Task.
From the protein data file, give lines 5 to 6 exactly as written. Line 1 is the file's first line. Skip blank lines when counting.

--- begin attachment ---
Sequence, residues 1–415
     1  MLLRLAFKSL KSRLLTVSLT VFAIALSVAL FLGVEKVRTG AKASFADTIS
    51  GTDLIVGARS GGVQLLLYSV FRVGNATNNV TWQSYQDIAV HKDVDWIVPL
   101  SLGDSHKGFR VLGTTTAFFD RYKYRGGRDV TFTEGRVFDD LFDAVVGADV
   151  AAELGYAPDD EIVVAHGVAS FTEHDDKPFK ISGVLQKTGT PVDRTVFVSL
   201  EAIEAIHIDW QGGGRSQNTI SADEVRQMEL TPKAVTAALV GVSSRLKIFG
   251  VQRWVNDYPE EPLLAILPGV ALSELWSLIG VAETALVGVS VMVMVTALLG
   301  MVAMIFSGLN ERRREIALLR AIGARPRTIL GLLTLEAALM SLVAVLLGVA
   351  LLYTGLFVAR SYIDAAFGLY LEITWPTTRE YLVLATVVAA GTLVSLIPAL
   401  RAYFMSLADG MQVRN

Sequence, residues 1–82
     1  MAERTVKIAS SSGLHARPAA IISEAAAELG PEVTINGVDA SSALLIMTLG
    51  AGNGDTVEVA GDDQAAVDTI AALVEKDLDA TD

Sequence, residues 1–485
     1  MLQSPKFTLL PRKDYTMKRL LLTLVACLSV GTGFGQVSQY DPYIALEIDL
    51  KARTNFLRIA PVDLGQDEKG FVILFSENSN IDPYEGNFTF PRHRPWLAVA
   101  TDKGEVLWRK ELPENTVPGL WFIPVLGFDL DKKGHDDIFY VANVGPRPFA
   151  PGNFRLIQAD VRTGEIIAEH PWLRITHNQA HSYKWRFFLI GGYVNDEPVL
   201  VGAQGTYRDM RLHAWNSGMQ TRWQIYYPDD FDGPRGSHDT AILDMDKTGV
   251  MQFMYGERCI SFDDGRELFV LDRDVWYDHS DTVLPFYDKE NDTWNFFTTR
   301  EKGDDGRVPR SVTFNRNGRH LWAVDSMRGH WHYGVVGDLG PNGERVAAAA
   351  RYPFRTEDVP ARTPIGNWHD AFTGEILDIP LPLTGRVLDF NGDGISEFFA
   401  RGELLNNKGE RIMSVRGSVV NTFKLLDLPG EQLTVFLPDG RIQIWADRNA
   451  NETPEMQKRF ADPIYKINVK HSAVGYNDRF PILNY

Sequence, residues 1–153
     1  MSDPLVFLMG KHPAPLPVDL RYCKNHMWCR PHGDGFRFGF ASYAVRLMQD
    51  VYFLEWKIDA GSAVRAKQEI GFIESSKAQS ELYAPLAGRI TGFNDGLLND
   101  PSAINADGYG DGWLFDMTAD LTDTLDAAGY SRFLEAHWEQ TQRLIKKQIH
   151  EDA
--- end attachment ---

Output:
   151  AAELGYAPDD EIVVAHGVAS FTEHDDKPFK ISGVLQKTGT PVDRTVFVSL
   201  EAIEAIHIDW QGGGRSQNTI SADEVRQMEL TPKAVTAALV GVSSRLKIFG